Keywords

body image, feminism, disturbance, intervention, women

Abstract

Body image disturbance has become an increasing problem among women (Cash & Henry, 1995). Thus researchers have begun to focus on methods of prevention and intervention. Programs utilizing psychoeducation and Festinger's cognitive dissonance theory, for example, have been found to reduce body image dissatisfaction and related symptomatology. The information provided and potential impact are limited, however, because the interventions do not offer women an adaptive method of interpreting the many appearance-related messages they experience. This study sought to determine if exposure to feminist theory of body image may act as a buffer – a filter through which cultural messages about thinness and beauty are challenged. This feminist schema may provide an alternative interpretation of cultural messages, thereby increasing body image satisfaction. Participants were exposed to one of three interventions (feminist, psychoeducational, control). Exposure to the feminist condition resulted in increased physical appearance satisfaction and likelihood to self-identify as a feminist when compared with the control group. While findings were not extensive, they are nonetheless promising due to the brevity of the intervention.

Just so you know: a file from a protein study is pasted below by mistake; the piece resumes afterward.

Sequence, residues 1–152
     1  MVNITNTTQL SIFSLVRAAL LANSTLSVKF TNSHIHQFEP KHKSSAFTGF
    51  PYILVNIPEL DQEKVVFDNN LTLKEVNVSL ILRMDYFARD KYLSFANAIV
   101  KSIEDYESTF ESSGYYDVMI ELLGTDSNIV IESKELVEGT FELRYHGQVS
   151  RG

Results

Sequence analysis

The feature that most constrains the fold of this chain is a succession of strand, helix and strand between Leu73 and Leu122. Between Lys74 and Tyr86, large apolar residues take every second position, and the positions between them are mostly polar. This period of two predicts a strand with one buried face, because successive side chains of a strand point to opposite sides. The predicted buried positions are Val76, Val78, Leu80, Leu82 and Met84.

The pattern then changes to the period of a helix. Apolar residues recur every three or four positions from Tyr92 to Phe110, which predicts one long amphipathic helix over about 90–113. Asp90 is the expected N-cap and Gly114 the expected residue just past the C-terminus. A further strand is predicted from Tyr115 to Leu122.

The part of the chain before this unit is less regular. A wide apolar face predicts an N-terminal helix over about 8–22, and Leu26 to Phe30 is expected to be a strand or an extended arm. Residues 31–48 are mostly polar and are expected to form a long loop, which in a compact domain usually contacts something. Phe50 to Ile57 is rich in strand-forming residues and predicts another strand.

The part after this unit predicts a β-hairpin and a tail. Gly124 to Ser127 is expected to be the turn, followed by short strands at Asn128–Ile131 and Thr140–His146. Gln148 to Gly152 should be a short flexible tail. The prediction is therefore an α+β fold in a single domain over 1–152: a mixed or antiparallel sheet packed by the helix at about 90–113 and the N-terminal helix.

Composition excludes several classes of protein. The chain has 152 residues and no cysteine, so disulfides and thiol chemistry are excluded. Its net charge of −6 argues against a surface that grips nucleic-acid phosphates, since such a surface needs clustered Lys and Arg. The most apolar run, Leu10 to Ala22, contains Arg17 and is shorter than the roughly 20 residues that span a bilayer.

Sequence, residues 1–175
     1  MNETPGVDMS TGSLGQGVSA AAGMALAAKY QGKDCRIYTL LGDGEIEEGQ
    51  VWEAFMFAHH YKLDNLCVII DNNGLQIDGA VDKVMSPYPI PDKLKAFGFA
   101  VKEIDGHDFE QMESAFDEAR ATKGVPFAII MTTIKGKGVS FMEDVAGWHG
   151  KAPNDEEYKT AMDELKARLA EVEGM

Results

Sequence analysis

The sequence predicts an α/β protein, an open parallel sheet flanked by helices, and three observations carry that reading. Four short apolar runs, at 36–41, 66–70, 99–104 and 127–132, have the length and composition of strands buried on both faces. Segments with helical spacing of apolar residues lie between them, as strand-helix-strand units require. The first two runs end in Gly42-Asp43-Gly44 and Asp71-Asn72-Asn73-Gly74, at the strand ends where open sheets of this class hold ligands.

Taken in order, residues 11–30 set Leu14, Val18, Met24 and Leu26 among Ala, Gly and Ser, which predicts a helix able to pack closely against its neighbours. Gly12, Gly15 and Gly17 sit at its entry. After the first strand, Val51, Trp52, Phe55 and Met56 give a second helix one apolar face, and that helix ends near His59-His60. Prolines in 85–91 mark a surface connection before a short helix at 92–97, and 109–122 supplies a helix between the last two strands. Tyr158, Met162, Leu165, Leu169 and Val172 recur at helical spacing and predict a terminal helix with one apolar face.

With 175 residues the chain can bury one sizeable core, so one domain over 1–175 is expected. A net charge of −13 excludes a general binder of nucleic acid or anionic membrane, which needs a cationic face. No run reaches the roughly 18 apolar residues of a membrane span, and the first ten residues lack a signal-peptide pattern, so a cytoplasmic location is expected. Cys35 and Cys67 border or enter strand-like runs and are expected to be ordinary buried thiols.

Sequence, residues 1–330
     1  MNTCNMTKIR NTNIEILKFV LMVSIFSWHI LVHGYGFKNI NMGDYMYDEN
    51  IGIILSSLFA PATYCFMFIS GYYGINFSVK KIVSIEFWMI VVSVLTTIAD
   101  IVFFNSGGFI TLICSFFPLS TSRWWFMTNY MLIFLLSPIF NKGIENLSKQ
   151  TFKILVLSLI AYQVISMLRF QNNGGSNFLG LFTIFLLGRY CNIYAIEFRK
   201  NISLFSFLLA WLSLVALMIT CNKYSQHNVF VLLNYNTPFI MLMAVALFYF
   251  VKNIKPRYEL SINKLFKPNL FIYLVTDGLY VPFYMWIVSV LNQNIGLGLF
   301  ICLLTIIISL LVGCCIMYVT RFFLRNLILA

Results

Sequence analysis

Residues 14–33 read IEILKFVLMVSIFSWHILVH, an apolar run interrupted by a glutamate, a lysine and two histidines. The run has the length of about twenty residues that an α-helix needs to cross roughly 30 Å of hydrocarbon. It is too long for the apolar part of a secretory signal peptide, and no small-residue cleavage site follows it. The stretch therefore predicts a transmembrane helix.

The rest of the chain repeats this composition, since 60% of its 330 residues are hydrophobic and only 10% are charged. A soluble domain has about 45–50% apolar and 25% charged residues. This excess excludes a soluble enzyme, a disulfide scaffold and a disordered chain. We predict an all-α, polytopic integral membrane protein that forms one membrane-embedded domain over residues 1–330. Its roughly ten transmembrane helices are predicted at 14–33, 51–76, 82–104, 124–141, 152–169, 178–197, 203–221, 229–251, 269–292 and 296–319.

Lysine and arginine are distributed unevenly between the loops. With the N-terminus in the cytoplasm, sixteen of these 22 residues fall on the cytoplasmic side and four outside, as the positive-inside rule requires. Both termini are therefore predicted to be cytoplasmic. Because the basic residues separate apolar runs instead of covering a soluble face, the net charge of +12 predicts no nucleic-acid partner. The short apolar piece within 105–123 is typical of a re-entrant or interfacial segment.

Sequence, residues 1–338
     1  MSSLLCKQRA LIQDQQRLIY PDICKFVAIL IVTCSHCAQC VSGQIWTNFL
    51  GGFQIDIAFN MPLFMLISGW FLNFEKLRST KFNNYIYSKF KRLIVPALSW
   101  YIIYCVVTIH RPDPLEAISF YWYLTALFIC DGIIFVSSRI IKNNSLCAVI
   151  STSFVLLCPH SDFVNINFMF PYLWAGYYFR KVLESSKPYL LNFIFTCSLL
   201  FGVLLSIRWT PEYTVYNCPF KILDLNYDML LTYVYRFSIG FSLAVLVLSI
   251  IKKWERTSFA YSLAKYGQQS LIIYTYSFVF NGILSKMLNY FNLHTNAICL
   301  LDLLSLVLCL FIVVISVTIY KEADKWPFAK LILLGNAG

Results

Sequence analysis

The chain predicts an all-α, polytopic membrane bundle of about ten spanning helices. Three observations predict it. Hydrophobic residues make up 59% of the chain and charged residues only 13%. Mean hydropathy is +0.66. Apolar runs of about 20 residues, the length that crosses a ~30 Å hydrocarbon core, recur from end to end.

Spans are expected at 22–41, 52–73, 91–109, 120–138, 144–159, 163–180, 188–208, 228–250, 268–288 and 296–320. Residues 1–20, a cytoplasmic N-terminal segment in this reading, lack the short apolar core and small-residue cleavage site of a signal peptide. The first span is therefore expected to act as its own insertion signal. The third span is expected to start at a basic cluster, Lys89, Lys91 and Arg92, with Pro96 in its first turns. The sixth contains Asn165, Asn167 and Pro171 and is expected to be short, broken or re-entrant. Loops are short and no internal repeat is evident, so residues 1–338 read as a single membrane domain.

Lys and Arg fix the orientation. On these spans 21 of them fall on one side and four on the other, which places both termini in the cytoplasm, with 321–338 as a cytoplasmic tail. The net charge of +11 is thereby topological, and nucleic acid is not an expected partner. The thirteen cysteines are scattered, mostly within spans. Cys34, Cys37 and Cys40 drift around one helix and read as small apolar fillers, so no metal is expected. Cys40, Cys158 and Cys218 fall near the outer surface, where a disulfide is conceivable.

Notes

If this is your thesis or dissertation, and want to learn how to access it or for more information about readership statistics, contact us at STARS@ucf.edu

Graduation Date

2005

Semester

Spring

Advisor

Dunn, Stacey

Degree

Master of Science (M.S.)

College

College of Arts and Sciences

Department

Psychology

Degree Program

Psychology

Format

application/pdf

Identifier

CFE0000467

URL

http://purl.fcla.edu/fcla/etd/CFE0000467

Language

English

Release Date

May 2005

Length of Campus-only Access

None

Access Status

Masters Thesis (Open Access)

Included in

Psychology Commons

Share

COinS